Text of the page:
Poor football and weather have more impact on pubs than Brexit… for now

29 June 2016 by
Poor football and weather have more impact on pubs than Brexit… for now

That was the conclusion of chief executive Rooney Anand (pictured) today as he unveiled a "transformational" set of financial results for the year 2015/16, as the company started to enjoy the benefits of its £774m acquisition last year of Spirit Pub Company. It reported revenues up to more than £2b for the year to 1 May 2016, with pre-tax profit up 60.6% to nearly £190m.

England's football team crashed out of Euro 2016 to minnows Iceland earlier this week, and Anand said that while early games had had a positive effect on trading at Greene King, which had 3,035 pubs at the end of last year, the Bury St Edmunds-based company had been hoping for more.

"Even the most cautious Suffolk accountants had not been bearish enough to assume that we would lose and certainly not to Iceland," he told The Caterer. "It's a shame but it isn't a huge factor in our outlook because Wales are still there and importantly when you get through to the knock-out stages of an event like this, the fixtures become really exciting regardless of one's nationality."

And it hasn't just been the England footballers who have been refusing to play ball - the weather hasn't been helping either. "You can see from our current trading for the eight weeks since the beginning of May that we enjoyed some good trade in May, slightly helped by the weather. Our pubs do very well when the occasional burst of sunshine is witnessed because we have a higher percentage of our assets with outside space than virtually anybody so the size of our business increases overnight because of the weather. And in June we have benefited from the football, although the weather hasn't helped us that much in June; it has been a bit more patchy and unusually the South has been 'enjoying' more unpleasant weather than up North and in Scotland," he said.

When it came to the UK's momentous decision to leave the European Union, Anand, who had let it be known before the referendum that he would have preferred a win for Remain, said that it was too early to say whether it has affected consumer confidence: "I would say the weather and the travails of English football have been more material to our business than what happened last Friday," he said.

However, he did caution in his chief executive's statement released with the company's financial results this morning that he expected confidence to dip in the near-term. Nonetheless, he expected Greene King to be well prepared for any turbulence.

"As you would expect, we are trying to be balanced about it," he said. "If we ignored the event that took place last Friday I think it would be crass, frankly, but since January, since people came back after Christmas there has been a degree of softening of sentiment and that has been witnessed and echoed in other consumer fields - particularly retail around March and April.

"With the spectre of an exit from Europe and all that might entail that has created some uncertainty and you have seen some markets react since Friday to bear that out. To put a balance on it though, we are a British business and while we do source some food and drink, particularly wine, from continental Europe, most of what we sell through our businesses is either locally sourced or globally sourced and we also would back ourselves in a crisis given that what happened in 2007-08 was in our opinion much more profound than this, and Greene King did very well post credit crunch - we posted record results four years in a row, so we have got some structural advantages in the form of very high quality real estate with a bias towards the South East of England, a very strong balance sheet and we have brought net debt to EBITDA down from a peak of nearly 6x to below 4x (3.9x), so our balance sheet and our financial strength gives us a lot of optionality."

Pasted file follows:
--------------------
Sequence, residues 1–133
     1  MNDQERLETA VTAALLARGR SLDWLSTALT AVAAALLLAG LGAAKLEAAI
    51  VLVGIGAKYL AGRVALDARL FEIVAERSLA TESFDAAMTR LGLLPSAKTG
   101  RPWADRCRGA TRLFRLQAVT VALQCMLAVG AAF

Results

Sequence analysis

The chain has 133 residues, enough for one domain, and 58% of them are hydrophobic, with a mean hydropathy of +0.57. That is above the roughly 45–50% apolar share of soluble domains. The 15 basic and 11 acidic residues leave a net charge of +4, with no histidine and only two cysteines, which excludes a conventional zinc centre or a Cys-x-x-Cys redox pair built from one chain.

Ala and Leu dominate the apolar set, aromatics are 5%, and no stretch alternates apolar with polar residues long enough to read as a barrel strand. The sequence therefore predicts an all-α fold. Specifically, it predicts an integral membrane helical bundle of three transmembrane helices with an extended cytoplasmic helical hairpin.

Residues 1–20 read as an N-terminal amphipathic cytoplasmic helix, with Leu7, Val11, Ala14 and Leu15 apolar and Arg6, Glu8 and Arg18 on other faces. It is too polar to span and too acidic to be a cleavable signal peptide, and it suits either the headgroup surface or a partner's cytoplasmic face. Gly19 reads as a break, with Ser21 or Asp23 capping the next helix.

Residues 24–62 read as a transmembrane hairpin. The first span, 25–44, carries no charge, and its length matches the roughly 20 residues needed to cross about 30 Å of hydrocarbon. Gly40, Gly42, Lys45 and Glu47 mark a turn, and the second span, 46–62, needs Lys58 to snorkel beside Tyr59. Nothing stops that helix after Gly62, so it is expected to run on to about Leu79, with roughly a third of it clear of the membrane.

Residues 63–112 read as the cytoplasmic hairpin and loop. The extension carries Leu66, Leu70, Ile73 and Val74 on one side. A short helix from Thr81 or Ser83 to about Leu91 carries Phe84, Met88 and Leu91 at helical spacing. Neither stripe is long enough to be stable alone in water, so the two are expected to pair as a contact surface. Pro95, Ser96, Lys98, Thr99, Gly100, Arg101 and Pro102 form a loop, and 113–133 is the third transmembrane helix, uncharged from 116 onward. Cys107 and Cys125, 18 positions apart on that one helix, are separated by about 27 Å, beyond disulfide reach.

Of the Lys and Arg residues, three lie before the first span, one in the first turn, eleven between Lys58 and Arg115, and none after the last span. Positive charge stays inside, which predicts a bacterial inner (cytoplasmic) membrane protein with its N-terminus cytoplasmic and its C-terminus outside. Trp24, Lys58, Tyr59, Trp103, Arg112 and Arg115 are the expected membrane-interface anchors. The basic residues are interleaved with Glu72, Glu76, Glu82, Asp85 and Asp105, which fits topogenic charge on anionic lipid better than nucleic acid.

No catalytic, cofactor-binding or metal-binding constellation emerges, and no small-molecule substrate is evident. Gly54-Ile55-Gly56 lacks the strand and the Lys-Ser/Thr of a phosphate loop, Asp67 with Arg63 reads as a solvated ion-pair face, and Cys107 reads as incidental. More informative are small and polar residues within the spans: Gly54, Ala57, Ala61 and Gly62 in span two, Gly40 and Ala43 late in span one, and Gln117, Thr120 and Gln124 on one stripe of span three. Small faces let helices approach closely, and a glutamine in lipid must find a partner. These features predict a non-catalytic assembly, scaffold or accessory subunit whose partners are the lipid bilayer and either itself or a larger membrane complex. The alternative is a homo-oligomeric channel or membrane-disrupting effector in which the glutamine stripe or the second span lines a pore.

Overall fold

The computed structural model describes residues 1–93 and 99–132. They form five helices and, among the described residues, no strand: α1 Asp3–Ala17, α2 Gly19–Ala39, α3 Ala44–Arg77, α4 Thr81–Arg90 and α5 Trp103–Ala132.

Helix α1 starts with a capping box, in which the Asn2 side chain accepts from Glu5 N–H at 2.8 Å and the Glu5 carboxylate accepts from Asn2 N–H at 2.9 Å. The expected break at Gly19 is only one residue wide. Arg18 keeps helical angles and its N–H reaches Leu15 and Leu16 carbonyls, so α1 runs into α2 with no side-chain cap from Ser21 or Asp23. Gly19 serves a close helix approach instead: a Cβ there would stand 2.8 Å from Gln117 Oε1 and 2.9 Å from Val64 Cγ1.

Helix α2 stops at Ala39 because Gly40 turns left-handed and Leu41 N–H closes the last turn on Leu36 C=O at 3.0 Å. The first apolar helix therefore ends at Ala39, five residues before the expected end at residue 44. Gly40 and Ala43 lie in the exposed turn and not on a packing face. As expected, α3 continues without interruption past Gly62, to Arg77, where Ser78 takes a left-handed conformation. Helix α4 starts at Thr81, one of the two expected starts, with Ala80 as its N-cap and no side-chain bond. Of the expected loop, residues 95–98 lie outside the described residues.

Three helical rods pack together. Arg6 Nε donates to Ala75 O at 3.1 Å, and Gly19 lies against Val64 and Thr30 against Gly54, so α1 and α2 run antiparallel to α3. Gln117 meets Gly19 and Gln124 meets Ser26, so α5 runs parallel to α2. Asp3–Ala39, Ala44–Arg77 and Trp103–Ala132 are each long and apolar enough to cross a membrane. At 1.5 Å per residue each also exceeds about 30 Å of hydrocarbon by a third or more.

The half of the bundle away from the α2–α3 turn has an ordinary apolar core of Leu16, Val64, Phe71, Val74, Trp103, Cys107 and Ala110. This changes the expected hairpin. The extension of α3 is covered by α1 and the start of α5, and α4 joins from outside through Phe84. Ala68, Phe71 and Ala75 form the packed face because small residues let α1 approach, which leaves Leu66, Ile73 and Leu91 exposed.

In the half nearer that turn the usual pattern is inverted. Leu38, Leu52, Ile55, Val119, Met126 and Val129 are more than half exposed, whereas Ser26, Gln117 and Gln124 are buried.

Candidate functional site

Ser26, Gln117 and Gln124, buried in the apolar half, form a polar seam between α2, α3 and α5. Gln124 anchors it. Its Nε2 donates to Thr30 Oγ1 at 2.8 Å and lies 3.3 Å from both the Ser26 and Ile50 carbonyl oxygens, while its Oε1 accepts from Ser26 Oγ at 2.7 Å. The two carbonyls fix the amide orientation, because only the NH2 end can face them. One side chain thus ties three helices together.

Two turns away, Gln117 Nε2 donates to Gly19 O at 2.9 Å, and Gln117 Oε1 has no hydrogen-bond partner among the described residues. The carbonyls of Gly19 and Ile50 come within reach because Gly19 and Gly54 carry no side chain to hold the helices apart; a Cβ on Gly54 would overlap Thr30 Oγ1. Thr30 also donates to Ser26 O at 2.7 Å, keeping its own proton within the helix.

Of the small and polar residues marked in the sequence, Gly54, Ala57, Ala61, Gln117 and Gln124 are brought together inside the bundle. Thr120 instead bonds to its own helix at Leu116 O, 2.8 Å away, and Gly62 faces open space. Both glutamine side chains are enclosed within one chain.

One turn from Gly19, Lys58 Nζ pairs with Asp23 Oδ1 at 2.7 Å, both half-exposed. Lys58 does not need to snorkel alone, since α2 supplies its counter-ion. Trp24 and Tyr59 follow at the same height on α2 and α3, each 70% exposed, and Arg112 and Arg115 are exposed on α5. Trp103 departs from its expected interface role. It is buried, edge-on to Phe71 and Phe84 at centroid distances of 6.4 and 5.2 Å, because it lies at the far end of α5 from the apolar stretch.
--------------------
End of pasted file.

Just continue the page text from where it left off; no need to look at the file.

And when asked if the weakening pound would put pressure on Greene King to increase prices, Anand replied that the situation was not necessarily as serious as had been presented in the media: "Exchange rate fluctuations do affect us, we are not immune from them, but we have hedging in place and contracts. There is a lot of hyperbole about the euro but as my finance director reminded me earlier today, it is at the same level that it was at three years ago but nobody talked about it because Brexit hadn't happened."

Nonetheless, he also indicated that the company would continue to invest in its people amid continued uncertainty over how hospitality firms, often reliant on labour from the EU, would fill vacancies following the UK's departure from the EU. Greene King, which employs around 44,000 people, earlier this year committed to offering 10,000 apprenticeships over the next three years and Anand said that programmes like that would continue to be important.

"What has been completely lost in all of this is that the National Living Wage has gone up and if there are concerns about jobs - and I genuinely and sincerely hope that there aren't and that businesses don't cut back on investment and people don't find that they are faced with the scenario they saw in '07 and '08 again - but if there are then actually our hand as an employer is strengthened.

"In fact, we are not just relying on apprenticeships. We want to have the best calibre and the best equipped group of colleagues in the industry that we can. We have 44,000 people working for us and you can either take the view that that is the biggest item of cost, which many people in the hospitality industry do, or you can see your staff as the way in which you deliver the customer experience and the brand promise which is how we see it."

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